Means are also provided for inhibiting high voltage pulsing of the starting aid electrode 40 when the lamp 20 is in a normal operation mode (i.e., "on"), and takes the form of inhibit circuit 74, the operation of which will be discussed hereinafter.
Referring now to FIG. 2 (in addition to FIG. 1), there is shown, by schematic diagram, a detailed circuit arrangement useful for starting metal halide lamp 20 while the lamp is physically located in solid state bridge switching inverter circuit 30 and while the bridge is in the switching operational mode. The switching inverter 30 functions to operate the lamp in an AC square wave mode from the high voltage DC source 36. The electronic ballast RB serves to ballast the zero or negative resistance running lamp load.
As stated hereinbefore, the switching inverter 30 includes four transistorized switches S1, S2, S3 and S4, the control of which is obtained from two phase signals, A and B, obtained from a 180° phase splitting circuit 76 forming a portion of an electronic switching circuit. The lamp 20 is connected across the two legs of the bridge. The two 180° out of phase signals A and B are obtained by splitting a single, variable pulse width, 100 Hz square wave, and providing a 35 microsecond delay during which both phases are in a state such as to cause all switches in the bridge to be OFF. The switches are energized in pairs, S1 - S3, and S2 - S4, and the 35 microsecond delay occurs after one pair turns OFF before the other pair turns ON. Active level low signals at A and B turn the transistor switches ON.
Linear wire trigger-electrode 40 is placed in proximity to the lamp 20 for capacitively coupling high voltage (about 25 Kv) pulsed energy into the lamp to ionize the gases and initiate lamp starting. After the gas is ionized by the high voltage pulse, the DC source 36 applied through the switching inverter 30 is sufficient to keep the lamp running.
To provide light feedback control, a pair of photosensors 77 and 78 are placed at opposite ends respectively of the lamp 20 to detect the level of light output at the respective ends. The outputs of the photosensors are compared by a differential amplifier 80 which produces a DC output proportional to the light difference at the ends of the lamp 20. The DC output is fed to one input of a simple comparator 82. The other comparator input is a plus and minus, 100 Hz triangular wave. If the DC output of the differential amplifier 80 is zero, the comparator 82 output is symmetrically high and low square wave: i.e., 50% duty cycle. Any positive or negative values of differential amplifier output will cause the comparator output to vary either more or less than 50%. The single output of the comparator 82 is fed to 180° phase splitting and time delay circuit 76 to produce two out-of-phase signals A and B. Since high level signals at A or B turn the respective inverter bridge switches OFF, there is provided a delay period of 35 microseconds when both A and B are high level signals. This delay assures that no two switches in the same leg of the bridge inverter 30 are ON at the same time, as such would result in shorting of the bridge inverter and certain destruction of the semiconductor elements. The above constitutes a light feedback control, time ratio, polarity modulated electronic switching circuit which is not a portion of the present invention.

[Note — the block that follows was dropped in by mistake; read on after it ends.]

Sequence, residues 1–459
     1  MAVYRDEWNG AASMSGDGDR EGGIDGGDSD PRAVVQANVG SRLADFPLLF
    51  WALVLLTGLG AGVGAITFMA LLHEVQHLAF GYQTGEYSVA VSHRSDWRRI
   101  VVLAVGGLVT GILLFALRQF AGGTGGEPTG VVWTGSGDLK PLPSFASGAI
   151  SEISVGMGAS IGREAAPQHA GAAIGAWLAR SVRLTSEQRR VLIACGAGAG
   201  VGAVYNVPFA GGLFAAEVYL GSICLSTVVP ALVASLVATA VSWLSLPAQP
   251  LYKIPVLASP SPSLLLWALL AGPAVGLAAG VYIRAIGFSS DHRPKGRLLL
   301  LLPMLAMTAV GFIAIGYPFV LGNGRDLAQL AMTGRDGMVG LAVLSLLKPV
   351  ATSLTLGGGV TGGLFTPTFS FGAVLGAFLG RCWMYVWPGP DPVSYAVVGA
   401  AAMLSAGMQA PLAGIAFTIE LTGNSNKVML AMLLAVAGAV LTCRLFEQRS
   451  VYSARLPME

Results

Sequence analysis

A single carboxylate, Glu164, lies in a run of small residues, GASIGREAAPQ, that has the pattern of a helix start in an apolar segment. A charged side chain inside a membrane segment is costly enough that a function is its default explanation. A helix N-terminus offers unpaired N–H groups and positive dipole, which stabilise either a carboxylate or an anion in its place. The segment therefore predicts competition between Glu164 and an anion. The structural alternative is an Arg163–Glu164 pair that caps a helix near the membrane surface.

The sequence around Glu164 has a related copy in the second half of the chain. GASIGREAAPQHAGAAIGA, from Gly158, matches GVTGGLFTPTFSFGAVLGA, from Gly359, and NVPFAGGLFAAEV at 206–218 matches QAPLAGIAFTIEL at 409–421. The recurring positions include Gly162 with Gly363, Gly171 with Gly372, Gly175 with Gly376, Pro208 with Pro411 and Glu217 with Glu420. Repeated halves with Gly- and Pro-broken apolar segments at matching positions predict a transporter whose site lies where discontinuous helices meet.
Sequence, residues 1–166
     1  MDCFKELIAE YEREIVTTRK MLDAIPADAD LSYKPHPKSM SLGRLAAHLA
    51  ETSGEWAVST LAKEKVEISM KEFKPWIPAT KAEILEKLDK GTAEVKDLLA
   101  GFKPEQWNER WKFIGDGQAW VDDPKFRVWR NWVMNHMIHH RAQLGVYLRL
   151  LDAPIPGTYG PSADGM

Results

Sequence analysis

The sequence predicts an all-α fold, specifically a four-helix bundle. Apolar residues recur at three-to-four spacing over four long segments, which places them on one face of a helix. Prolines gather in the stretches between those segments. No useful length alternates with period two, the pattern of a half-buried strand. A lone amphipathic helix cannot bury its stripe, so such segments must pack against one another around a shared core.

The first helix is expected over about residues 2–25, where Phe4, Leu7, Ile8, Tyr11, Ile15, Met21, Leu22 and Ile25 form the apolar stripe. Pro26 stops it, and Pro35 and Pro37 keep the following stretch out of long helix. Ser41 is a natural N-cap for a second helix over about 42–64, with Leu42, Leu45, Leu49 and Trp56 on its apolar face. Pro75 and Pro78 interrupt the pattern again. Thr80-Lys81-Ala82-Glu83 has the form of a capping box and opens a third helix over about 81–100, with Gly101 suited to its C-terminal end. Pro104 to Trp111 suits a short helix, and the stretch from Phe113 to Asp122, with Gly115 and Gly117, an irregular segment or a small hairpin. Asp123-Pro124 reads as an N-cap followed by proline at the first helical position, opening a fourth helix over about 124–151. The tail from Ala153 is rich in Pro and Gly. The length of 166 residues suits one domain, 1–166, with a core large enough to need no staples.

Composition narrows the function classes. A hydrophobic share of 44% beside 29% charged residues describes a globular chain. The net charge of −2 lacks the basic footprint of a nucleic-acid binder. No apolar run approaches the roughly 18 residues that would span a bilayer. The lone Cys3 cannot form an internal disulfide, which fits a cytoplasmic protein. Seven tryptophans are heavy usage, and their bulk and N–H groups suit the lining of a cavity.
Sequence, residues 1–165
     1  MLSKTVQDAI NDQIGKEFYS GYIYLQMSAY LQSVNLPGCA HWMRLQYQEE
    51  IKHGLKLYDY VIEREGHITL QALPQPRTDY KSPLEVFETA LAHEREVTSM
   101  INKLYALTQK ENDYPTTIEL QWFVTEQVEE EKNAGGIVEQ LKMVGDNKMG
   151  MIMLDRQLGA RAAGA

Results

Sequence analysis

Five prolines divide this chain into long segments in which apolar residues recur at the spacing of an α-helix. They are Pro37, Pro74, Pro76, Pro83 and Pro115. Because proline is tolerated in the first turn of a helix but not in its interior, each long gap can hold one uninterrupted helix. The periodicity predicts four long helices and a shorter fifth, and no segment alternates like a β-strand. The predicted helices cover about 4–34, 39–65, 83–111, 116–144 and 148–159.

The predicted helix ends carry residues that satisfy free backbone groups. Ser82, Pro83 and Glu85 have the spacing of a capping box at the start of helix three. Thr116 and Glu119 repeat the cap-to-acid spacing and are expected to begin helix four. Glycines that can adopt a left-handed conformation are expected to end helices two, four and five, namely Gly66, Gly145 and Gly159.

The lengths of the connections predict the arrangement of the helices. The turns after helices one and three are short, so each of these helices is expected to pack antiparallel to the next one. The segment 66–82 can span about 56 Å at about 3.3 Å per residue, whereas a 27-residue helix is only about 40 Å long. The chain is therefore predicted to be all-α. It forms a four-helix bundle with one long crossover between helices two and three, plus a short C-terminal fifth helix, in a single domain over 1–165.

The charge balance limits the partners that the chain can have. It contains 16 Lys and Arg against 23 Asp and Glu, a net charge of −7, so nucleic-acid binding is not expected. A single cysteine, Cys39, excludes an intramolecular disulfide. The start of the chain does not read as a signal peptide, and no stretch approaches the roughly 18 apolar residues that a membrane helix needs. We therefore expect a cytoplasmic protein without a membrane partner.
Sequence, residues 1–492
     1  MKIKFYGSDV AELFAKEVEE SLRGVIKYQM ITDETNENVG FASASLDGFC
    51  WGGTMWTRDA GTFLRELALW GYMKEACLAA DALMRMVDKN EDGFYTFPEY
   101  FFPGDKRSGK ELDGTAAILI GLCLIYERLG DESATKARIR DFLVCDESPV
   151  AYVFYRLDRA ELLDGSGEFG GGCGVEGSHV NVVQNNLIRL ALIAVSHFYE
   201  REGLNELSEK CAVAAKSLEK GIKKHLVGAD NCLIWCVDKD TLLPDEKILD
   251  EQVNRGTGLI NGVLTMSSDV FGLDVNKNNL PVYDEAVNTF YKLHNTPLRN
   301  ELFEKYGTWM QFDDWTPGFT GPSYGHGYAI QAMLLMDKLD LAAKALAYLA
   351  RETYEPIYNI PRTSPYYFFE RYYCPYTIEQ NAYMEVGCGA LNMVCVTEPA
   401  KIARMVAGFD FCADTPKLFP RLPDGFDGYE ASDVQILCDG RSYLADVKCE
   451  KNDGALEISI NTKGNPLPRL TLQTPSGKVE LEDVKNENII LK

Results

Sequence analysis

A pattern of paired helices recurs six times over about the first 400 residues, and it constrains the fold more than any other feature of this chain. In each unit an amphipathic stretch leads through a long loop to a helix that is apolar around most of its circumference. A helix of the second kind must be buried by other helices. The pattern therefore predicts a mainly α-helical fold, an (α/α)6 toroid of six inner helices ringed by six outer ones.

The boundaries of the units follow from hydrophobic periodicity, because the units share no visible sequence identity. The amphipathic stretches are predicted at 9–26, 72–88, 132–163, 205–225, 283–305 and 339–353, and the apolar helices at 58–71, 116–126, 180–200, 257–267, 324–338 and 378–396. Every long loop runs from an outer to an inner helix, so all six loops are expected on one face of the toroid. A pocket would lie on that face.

Also provided in this circuit arrangement is a conventional high voltage starting pulse circuit 50 connected to the trigger electrode 40. Included in the pulse circuit 50 is a pulse transformer 84, charging capacitor 86, and a discharging thyristor switch 88. A ground plane 90 placed adjacent the lamp 20 is connected to the common side of pulse circuit 50. When a starting pulse is desired, a trigger signal is applied to the gate of the thyristor 88 and the charged capacitor 86 is discharged directly through a very small number of windings on the pulse transformer. Inductive coupling produces a high voltage energy pulse to be applied to the trigger electrode 40. Thus the pulse transformer 84 makes possible a transfer of energy stored in the capacitor 86 into the lamp 20 at a high potential so as to ionize the gases.
By the present invention, the bridge inverter circuit is in the normal switching mode and application of the high voltage starting pulse is synchronized to the turn-on of either polarity of the bridge inverter, i.e., the turn-on of either pair of diagonal switches in the bridge inverter 30.
Several points should be noted at this time. First, it is essential that the starting pulse not be applied during the 35 microseconds delay time when all four switches in the bridge inverter are in the OFF condition. This would mean that the ends of the lamp are not tied to a low impedance source and resultant voltages of 10 to 50 times the rating of the switches could occur. These voltages would destroy the semiconductor elements. Thus, information contained in both phases of the drive signals, A and B is necessary to be combined to produce the lamp starting pulse initiate signal. Secondly, it should be noted that, if the starting pulse could be synchronized to a unique point in the "on" period of either pair of switches, predictable and repeatable lamp starting performance could be achieved. Moreover, if this unique point is chosen to be the instant of turn-on of any pair of bridge inverter switches, the maximum amount of time will occur for the lamp arc to be initiated before the next 35 microsecond delay. Thus, again the chances of successful lamp starting are enhanced.